Memories of Brooklyn
A black man’s search for the “warmth of other suns” leads him back to his Southern roots
“Things weren’t perfect back then, with segregation and all,” my mother told me. “But when black folks were in Brooklyn that was a mighty good thing. We had our own homes, businesses, theaters, schools, and churches. Our family never lived in the neighborhood, but it was the place you wanted to go to.” Her voice was soft but firm, indicating this point wasn’t up for debate: “Whatever you needed, it was there. By the time you came along, in 1968, the white folks had torn our community up, just ripped it apart. A lot of black businesses never recovered. Like I said, things weren’t perfect but we had something that was ours.”
Such were the stories Hattie Leak told her baby boy—me—back in the 1970s and ’80s about black life in Charlotte before the era of desegregation began. Brooklyn was located in uptown. The Charlotte-Mecklenburg Schools offices, the Metro School, and NASCAR Hall of Fame are all on land that was part of this community. I’m aware of only three visible symbols of that period: Martin Luther King Jr. Boulevard (formerly 2nd Street), a sign that marks the site of the old Second Ward High School, and a memorial near the NASCAR Hall of Fame acknowledging that the church I came of age in, Friendship Missionary Baptist, was originally located at 429 South Brevard Street in 1893.
My mother and father, John Perry Leak, were born in the early 1920s, and they had their first three children—Julie, Rita, and Perry Jr.—in the late ’40s and early ’50s. My siblings were more like my young aunts and uncle. In my immediate family, I was the only one not born into a world of colored and white signs, legal and extra-legal decrees that defined the world of Jim Crow.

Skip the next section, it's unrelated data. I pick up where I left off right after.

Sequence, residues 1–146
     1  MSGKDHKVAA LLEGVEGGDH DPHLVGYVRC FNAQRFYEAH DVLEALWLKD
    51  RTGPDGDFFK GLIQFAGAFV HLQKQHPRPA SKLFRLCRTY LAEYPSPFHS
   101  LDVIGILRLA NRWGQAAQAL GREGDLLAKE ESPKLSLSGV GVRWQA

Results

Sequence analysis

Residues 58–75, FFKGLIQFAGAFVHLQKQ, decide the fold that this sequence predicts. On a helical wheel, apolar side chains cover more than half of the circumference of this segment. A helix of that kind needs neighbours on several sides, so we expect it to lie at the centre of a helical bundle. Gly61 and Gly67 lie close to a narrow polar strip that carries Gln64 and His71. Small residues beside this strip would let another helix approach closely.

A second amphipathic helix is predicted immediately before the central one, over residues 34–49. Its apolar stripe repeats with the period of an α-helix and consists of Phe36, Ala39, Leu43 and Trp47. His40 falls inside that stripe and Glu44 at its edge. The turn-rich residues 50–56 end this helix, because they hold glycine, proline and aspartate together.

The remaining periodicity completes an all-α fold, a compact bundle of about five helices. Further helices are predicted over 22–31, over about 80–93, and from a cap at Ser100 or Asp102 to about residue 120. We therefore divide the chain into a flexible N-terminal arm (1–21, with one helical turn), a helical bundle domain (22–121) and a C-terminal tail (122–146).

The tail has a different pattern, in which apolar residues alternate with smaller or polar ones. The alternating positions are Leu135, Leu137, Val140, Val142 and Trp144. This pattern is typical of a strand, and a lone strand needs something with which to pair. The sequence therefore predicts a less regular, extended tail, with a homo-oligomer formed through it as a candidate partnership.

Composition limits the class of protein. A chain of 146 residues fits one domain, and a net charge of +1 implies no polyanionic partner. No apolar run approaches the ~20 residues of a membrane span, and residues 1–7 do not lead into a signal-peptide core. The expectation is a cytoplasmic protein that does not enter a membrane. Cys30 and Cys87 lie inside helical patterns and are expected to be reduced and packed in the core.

With a degree from the North Carolina College for Negroes, now North Carolina Central University, my mother worked as a cook for the family of Kenneth C. Loughlin, who had been an executive with the Celanese Corporation, in the years leading up to my birth. My father, a bricklayer with a pilot’s license but no degree, helped build beautiful homes in largely white and Jewish communities such as Raintree in south Charlotte.
So I inherited from my family an oral history of a time and place in Charlotte that I would only know second hand. By the time I entered school, Charlotte-Mecklenburg Schools were desegregated. Race would remain the central issue in our community. But gone was the black world of Brooklyn, the neighborhood near the Little Sugar Creek bottom that served as a source of pride for black folks in Charlotte from the 1920s well into the 1950s. Mama talked about Brooklyn like it was the Harlem of the 1920s. Brooklyn’s demise began in 1947, when Charlotte’s all-white planning commission, over the course of the next 30 years, forced the black community to bear the weight of “urban renewal.”
Kids are curious creatures. You never know exactly what they’ll absorb. Will they learn the moral of the story (not to lie, or the dangers of exploratory drug use), or will they marvel at the daring nature of the child who ignored the consequences of his actions? Mama wanted me to know that I came from people who had charted the path to Dr. King’s mountaintop. I could enjoy that view, or opportunity, because of all who came before. As my career bloomed and I became a university professor, I delighted in this history, but thinking back on my childhood days now, these stories about Brooklyn were also the first opportunity I had to formulate my thinking about Charlotte and the South.